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Tuesday, March 13, 2007

Christian Origins list - Don't do it!

I really don't get it. Here we have a new discussion list which is avowedly sectarian. Only those with certain views are acceptable as participants and they even have their own creed to assent to - one rather unfortunately couched in religious terms. I must admit to wondering if the likes of Philip Esler would qualify here. I know I don't (though I reject the terms this is all put in - to me a belief in God does not oppose a belief in criticism except in the more fundamentalistic expressions of Christianity).

But won't the participants in the list one day have to come out of their conclave and expose their ideas to the rest of the academic world (which is still religious and won't have gone away in the meantime). At which point, a truly full and academic discussion can take place. Of course, if you think that religious commitment of any kind makes historical criticism 'impossible' as April DeConick would have it, then perhaps such exposure to criticism won't even be necessary because it is per se bad criticism.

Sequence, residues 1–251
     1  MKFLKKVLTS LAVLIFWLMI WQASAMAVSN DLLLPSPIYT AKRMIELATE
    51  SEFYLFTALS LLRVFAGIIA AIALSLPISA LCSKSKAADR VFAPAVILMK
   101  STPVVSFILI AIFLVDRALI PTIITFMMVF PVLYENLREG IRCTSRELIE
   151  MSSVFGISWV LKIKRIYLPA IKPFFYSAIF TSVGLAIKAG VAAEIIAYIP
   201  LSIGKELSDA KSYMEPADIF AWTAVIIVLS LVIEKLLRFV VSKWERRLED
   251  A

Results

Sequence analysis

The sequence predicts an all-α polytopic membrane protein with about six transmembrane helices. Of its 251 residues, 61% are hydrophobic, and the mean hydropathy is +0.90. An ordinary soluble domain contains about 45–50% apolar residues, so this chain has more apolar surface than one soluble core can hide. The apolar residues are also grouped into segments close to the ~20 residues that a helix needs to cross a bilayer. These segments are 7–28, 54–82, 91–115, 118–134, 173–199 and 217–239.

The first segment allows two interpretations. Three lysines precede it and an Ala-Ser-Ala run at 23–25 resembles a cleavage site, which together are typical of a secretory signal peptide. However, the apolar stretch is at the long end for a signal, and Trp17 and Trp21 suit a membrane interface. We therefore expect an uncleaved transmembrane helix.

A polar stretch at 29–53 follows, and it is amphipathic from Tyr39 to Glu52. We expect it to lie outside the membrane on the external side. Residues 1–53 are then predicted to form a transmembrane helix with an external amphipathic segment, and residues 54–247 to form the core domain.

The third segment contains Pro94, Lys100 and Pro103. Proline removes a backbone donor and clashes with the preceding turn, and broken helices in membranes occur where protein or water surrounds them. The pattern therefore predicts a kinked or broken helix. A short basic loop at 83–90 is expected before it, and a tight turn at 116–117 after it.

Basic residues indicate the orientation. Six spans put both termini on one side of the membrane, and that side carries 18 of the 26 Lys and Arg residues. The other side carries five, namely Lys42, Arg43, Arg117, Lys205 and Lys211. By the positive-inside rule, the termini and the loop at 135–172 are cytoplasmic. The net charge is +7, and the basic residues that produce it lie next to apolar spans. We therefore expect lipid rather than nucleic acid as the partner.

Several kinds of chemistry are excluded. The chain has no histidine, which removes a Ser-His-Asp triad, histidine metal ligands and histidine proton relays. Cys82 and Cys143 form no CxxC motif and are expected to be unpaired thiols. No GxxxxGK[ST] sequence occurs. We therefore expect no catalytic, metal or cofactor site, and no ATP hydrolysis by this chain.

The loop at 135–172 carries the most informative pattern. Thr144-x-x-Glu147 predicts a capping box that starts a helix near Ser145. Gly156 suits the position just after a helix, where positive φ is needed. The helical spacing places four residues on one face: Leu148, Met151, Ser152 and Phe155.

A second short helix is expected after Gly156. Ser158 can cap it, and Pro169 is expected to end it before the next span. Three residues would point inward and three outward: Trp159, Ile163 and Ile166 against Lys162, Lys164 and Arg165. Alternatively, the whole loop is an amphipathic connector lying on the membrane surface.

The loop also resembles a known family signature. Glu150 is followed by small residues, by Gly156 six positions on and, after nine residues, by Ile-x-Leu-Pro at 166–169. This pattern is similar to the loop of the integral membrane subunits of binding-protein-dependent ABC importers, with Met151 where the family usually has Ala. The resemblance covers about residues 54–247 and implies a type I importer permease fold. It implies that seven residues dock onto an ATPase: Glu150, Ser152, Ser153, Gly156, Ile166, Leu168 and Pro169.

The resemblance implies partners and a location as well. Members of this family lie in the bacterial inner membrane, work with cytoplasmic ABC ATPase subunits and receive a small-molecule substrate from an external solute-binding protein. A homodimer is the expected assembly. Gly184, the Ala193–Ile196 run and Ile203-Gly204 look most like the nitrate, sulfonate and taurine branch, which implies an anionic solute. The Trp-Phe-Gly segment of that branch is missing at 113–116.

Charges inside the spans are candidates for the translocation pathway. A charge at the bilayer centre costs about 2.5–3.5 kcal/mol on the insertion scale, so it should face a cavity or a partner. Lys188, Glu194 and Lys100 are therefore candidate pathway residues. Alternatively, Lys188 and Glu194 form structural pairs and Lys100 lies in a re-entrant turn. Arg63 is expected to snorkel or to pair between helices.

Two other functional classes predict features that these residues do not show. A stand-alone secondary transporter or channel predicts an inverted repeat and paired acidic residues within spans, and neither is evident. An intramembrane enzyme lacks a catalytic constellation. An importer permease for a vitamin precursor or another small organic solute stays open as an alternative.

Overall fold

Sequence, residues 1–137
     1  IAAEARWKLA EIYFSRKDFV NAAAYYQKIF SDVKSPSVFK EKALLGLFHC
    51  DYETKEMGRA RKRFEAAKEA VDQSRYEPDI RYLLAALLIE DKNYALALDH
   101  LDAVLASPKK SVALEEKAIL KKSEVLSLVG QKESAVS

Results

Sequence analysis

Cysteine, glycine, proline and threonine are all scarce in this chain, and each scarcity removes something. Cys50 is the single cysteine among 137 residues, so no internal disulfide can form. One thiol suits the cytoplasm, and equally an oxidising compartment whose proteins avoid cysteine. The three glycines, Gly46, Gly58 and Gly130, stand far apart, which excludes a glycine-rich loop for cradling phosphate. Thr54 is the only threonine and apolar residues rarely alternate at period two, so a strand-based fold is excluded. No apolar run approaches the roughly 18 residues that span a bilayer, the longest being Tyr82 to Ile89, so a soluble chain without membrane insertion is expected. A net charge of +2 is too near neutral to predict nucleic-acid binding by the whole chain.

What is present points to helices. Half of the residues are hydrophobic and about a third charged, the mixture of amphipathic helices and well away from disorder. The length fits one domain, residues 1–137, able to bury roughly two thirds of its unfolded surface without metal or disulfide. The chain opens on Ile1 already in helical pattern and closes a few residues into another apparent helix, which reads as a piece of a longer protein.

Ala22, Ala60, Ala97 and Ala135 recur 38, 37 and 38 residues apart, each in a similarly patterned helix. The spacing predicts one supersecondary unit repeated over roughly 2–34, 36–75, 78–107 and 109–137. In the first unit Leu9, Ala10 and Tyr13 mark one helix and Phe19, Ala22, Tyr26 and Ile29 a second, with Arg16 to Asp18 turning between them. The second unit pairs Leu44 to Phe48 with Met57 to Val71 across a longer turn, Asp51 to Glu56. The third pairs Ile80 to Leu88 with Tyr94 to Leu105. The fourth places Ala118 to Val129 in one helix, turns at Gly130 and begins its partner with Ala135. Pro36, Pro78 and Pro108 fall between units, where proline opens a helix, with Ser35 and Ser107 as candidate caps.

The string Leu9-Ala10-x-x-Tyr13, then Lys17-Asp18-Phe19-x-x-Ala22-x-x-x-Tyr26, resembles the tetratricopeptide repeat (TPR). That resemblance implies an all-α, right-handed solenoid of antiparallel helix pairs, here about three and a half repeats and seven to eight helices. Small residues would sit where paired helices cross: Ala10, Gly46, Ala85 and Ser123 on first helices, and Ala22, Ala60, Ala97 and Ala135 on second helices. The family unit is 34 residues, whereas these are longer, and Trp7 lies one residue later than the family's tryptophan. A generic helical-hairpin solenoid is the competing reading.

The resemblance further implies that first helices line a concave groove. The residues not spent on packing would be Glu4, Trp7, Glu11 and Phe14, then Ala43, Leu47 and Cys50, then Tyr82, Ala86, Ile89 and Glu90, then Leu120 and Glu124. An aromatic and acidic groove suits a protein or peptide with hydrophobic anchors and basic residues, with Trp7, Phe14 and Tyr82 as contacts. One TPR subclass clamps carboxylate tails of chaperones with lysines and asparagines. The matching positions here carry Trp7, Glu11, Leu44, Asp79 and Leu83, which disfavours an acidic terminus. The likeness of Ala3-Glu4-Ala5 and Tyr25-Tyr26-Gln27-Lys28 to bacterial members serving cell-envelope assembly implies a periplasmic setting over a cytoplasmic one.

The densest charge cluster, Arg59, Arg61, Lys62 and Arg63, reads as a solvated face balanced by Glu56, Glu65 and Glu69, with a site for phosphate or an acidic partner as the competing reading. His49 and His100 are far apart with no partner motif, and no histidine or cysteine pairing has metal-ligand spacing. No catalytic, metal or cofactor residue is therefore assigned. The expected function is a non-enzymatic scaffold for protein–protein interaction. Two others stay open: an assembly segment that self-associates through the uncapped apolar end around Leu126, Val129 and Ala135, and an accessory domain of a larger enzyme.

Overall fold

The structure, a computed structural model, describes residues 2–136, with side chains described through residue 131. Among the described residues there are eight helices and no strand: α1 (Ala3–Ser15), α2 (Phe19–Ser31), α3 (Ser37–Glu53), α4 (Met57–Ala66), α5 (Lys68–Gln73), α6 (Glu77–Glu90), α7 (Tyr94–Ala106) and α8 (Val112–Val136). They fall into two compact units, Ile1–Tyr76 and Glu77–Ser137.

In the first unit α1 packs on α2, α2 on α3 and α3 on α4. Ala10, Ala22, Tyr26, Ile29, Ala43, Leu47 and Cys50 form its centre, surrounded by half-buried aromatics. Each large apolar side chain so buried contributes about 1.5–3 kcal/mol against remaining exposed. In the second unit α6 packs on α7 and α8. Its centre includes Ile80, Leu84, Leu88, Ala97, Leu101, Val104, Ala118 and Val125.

Give me a break. I'll stay out here in the big, bad world with everyone in it, open to question for my every assertion. Why don't you all do the same? Please.

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Friday, March 09, 2007

Journal of Theological Interpretation

I was reading about this new journal (Eisenbraun's Journal of Theological Interpretation) with some degree of interest anyway (since theological exegesis is one of my interests) when I noticed that the list of contributions that the editors are explicitly interested included the following:

  • theological exegesis of selected biblical texts
  • concerns of theological method and the role of Scripture in theology and ethics
  • the history of reception or history of interpretation of biblical texts
  • major review essays interacting with key books, contemporary or classical
  • hermeneutical challenges in theological exegesis
Obviously the theological interest restricts the type of reception issues that could be tackled, but this is a welcome addition to the outlets for this kind of work.